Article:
Volume 15 Supplement 1
Obesity reduces left ventricular strains, torsion and synchrony in mouse models: a cine DENSE MRI study
© Kramer et al; licensee BioMed Central Ltd. 2013
Published: 30 January 2013
Obesity is an epidemic affecting over 1 in 3 adults in the United States. Patients who are obese have increased cardiovascular mortality compared to those with normal weight, partly due to direct effects on the heart. However, the effect of obesity on advanced measures of cardiac function such as strain, torsion and synchrony are poorly understood.
Left ventricular sub-epicardial strain was significantly lower in the obese mice with a 40% reduction in circumferential strain (p<0.001), a 19% reduction in longitudinal strain (p=0.03), and a 53% reduction in radial strain (p=0.06). By contrast, left ventricular sub-endocardial strain was modestly reduced in the obese mice in the circumferential direction by 12% (p=0.01), and not significantly different in the radial (p=0.63) or longitudinal (p=0.44) directions. Peak left ventricular torsion was reduced by 34% in the obese mice (p=0.06). Finally, the radial uniformity of strain index showed a reduction in the synchrony of contraction in the left ventricle (p=0.01) with a time delay in the septal to free wall direction.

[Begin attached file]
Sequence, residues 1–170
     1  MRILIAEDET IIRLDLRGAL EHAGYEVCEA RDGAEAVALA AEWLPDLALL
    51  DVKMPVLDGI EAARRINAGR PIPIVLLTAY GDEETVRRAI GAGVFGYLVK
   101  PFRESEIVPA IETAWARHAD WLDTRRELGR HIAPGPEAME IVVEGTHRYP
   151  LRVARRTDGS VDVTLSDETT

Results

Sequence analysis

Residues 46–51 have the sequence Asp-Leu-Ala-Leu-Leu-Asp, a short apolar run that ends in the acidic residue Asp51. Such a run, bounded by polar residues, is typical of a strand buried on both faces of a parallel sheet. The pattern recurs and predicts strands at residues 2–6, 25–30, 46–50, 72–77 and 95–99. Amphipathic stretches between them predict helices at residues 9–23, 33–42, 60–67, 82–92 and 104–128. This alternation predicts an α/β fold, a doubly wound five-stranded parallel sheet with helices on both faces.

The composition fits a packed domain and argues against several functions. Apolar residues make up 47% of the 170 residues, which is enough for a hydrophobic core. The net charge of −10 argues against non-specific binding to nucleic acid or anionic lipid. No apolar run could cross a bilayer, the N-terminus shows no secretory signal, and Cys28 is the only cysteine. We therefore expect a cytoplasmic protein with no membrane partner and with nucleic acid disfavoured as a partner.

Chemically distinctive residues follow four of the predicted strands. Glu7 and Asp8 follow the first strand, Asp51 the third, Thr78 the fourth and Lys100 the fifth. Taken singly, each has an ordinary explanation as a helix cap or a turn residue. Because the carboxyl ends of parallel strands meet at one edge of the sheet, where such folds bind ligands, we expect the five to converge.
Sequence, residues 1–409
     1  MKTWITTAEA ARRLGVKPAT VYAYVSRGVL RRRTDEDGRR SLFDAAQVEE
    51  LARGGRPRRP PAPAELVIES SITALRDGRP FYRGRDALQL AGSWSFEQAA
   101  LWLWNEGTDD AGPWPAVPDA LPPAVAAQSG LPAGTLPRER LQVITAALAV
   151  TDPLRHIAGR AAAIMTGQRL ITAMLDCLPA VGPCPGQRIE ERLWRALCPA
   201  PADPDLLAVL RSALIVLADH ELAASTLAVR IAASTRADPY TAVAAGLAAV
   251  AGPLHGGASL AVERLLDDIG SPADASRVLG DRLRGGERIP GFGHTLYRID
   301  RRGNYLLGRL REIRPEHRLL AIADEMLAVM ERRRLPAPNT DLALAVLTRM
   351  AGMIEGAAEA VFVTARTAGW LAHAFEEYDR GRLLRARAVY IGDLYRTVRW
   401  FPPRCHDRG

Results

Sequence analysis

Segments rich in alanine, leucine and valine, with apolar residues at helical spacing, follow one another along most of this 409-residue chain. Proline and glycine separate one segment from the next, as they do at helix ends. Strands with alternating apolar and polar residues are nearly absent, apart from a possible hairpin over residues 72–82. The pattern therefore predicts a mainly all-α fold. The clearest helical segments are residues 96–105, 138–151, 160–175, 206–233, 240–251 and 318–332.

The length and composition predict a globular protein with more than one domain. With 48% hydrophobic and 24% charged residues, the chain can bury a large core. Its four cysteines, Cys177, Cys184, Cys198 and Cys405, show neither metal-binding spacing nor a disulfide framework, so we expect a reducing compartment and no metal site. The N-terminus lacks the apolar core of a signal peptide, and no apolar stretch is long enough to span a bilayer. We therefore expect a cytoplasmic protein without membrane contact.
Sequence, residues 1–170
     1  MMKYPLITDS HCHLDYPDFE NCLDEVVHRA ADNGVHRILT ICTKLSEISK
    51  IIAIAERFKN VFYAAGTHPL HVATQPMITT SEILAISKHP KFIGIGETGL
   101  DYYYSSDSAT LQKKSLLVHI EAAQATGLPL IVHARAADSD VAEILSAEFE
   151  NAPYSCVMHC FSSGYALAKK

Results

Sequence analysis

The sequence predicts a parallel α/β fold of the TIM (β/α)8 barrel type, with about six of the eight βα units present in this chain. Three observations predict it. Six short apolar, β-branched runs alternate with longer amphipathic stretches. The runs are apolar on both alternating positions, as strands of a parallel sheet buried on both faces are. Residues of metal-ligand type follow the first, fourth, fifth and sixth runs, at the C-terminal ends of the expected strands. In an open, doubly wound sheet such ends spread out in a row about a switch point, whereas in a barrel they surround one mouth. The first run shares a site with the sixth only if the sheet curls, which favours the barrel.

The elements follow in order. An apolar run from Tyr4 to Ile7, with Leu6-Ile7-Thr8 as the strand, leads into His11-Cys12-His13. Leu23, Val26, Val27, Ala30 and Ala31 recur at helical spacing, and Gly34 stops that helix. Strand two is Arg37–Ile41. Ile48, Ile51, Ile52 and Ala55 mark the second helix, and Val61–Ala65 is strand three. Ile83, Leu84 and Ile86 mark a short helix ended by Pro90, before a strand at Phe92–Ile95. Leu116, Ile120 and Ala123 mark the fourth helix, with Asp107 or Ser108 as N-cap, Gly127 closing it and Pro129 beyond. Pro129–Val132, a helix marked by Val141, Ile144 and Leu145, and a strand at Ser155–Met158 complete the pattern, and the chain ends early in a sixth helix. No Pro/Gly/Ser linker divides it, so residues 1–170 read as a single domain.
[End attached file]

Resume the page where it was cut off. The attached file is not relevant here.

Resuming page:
Diet-induced obesity leads to a reduction in cardiac contractility in mouse models as evidenced by reductions in left ventricular strains and torsion. Reductions in cardiac strain are mostly limited to the sub-epicardial layer of the left ventricle, with relative preservation of function in the sub-endocardium. Diet-induced obesity also leads to reduced synchrony of contraction in the left ventricle of the heart.
Change due to high-fat diet
Radial Strain (%)
Circumferential Strain (%)
Longitudinal Strain (%)
Radial Uniformity of Strain
Peak Torsion (°/mm)
This article is published under license to BioMed Central Ltd. This is an Open Access article distributed under the terms of the Creative Commons Attribution License (http://creativecommons.org/licenses/by/2.0), which permits unrestricted use, distribution, and reproduction in any medium, provided the original work is properly cited.